Myanmar Junta Revokes Pardon for Freed Australian Economist Sean Turnell

By The Irrawaddy 10 January 2023

The Myanmar military regime has revoked its pardon for recently released Australian economist Sean Turnell for criticizing it in his media interviews and social media posts, according to a leaked internal junta announcement.

Turnell formerly served as an economic adviser to now detained Myanmar democracy figure Daw Aung San Suu Kyi, the leader the ousted National League for Democracy (NLD) government. The junta arrested the economist following the coup in February 2021, accusing him of possessing “state secret” information. Turnell pleaded not guilty but a regime court in Naypyitaw sentenced him to three years’ imprisonment in September last year. He was released in November amid the junta’s amnesty “in consideration of bilateral relations and on humanitarian grounds”, the regime said at the time.

Upon arriving in Australia, the economist said in a thank you message on Facebook that despite his joy at being reunited with his family, he was acutely aware that “the 53 million people in Myanmar continue to suffer under a regime that is about as unrepresentative of them as is possible to imagine.”

He added, “It is a tragic and terrible thing that the nicest people I have encountered anywhere are ruled over by such knaves and fools.”

In media interviews he warned that the coup has severely damaged Myanmar’s economy and that the regime wouldn’t give up power easily. He also revealed the inhumane treatment he experienced in prison along with other political detainees such as Daw Aung San Suu Kyi, whom he met during their trial proceedings and who urged him to tell everyone the truth about Myanmar.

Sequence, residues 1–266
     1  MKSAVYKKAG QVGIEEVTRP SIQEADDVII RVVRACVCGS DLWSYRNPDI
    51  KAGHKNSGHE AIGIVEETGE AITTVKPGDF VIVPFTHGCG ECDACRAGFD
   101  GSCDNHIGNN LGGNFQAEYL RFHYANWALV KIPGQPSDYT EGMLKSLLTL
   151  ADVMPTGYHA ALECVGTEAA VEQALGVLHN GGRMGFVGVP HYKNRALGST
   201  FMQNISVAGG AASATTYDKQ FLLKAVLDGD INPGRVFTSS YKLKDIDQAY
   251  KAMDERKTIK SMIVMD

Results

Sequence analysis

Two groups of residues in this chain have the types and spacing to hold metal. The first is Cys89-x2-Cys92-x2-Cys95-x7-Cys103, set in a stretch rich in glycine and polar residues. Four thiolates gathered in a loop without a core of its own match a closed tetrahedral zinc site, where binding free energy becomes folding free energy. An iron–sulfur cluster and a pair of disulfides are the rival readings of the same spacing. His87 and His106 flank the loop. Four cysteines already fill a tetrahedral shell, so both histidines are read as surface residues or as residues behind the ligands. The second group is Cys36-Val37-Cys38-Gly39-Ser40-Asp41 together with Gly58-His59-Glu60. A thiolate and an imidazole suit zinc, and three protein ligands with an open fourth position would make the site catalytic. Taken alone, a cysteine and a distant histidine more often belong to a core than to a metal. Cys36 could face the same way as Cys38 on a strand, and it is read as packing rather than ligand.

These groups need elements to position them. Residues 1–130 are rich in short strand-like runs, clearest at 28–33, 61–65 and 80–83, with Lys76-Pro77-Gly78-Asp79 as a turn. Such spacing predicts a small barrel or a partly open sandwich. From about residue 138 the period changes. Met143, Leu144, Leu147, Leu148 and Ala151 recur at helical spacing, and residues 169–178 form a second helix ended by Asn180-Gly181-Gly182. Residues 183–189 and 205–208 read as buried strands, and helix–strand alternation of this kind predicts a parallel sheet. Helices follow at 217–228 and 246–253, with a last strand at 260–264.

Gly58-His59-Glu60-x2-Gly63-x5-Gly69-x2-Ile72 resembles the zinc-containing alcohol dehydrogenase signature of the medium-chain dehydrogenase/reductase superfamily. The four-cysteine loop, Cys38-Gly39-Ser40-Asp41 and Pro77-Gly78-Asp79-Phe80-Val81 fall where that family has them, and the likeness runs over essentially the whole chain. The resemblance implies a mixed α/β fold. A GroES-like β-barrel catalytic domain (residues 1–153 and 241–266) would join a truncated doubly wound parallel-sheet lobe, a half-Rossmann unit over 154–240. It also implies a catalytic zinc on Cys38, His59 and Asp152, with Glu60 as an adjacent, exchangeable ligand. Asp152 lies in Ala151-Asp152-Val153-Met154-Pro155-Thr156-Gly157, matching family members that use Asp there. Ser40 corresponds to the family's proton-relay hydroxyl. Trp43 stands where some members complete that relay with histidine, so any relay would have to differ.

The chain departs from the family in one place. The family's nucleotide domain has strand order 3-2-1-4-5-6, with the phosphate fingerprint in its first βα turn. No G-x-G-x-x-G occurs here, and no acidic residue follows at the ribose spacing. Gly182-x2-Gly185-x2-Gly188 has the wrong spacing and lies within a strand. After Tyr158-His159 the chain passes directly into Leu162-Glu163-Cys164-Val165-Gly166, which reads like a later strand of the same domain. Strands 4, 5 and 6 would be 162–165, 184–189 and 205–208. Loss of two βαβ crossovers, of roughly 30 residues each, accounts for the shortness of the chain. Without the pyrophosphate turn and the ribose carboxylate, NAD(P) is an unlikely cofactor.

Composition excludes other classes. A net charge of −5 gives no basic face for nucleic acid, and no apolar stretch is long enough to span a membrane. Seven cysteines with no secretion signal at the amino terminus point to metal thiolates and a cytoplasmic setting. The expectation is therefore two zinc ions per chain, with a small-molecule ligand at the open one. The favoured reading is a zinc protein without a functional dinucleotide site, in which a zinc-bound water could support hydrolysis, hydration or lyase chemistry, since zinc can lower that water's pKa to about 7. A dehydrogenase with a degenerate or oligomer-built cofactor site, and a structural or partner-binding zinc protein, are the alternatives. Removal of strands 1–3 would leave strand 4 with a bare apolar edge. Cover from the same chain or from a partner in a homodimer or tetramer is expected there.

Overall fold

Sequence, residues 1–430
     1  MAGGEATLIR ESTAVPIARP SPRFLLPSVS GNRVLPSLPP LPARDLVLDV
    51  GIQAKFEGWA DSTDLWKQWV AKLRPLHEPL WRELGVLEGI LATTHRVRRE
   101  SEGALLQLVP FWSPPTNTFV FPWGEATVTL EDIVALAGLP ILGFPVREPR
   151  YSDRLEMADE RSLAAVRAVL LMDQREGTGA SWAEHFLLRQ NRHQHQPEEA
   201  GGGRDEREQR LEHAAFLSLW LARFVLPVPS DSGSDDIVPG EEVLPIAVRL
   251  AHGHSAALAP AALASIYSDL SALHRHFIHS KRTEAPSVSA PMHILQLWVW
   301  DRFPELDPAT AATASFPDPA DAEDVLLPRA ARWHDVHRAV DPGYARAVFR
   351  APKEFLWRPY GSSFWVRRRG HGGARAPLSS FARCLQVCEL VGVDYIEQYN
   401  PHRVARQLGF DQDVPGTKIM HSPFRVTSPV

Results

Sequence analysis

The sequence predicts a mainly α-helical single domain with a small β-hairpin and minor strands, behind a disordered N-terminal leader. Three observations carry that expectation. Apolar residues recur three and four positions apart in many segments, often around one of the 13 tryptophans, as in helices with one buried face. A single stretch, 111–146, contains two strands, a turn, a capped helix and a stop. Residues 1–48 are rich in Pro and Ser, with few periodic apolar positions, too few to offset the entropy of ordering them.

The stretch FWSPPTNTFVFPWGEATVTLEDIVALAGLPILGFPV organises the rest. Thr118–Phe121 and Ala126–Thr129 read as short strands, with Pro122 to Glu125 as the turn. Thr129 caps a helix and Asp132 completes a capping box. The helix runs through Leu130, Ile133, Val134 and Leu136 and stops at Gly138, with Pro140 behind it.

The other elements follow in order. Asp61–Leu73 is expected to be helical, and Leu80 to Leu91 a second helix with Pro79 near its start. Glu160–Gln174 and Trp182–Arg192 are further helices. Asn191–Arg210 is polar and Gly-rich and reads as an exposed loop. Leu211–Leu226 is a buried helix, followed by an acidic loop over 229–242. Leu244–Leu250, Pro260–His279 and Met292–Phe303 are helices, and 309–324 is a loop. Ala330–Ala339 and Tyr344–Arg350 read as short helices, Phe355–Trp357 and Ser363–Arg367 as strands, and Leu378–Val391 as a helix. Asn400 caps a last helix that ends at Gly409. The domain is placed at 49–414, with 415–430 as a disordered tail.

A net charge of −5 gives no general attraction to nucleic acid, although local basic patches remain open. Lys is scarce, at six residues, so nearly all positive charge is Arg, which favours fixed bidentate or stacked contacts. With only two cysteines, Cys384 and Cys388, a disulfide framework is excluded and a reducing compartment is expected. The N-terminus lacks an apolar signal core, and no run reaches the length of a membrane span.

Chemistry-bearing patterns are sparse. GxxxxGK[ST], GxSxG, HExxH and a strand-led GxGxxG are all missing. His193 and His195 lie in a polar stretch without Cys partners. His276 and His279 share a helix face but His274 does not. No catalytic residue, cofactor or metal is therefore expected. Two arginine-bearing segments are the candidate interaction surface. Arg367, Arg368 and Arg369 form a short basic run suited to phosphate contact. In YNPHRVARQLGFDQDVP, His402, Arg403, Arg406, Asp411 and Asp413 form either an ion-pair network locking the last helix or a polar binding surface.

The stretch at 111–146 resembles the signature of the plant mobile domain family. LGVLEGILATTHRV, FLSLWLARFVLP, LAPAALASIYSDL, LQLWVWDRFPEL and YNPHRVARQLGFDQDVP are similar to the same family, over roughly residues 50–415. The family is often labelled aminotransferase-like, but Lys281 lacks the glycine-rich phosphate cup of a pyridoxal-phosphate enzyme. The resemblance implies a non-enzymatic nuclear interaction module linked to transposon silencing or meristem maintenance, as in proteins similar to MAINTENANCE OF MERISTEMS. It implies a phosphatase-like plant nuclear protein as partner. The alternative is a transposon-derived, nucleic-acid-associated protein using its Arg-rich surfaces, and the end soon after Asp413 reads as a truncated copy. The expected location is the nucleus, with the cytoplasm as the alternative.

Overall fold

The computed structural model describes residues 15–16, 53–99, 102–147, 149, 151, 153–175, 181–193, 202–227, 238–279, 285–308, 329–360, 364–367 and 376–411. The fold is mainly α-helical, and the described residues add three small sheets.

For the regime, it was all too much.

On Dec. 6, in an unpublicized announcement leaked on social media, the junta said its pardon for the economist had been revoked as he had violated the condition that “he would have to serve the remainder plus the new prison sentence should he commit an offense again” by making false statements about Myanmar via his social media accounts and in interviews with the media while he was still on probation.

Turnell confirmed to The Irrawaddy that the statement was real and official.

“I received the notice of it a week or so  ago,” he said.

He declined to comment further on the revocation “for fear of repercussions to friends and colleagues in Myanmar.”

“When time is right I will respond very fully. It’s a real dilemma this one!!” he added.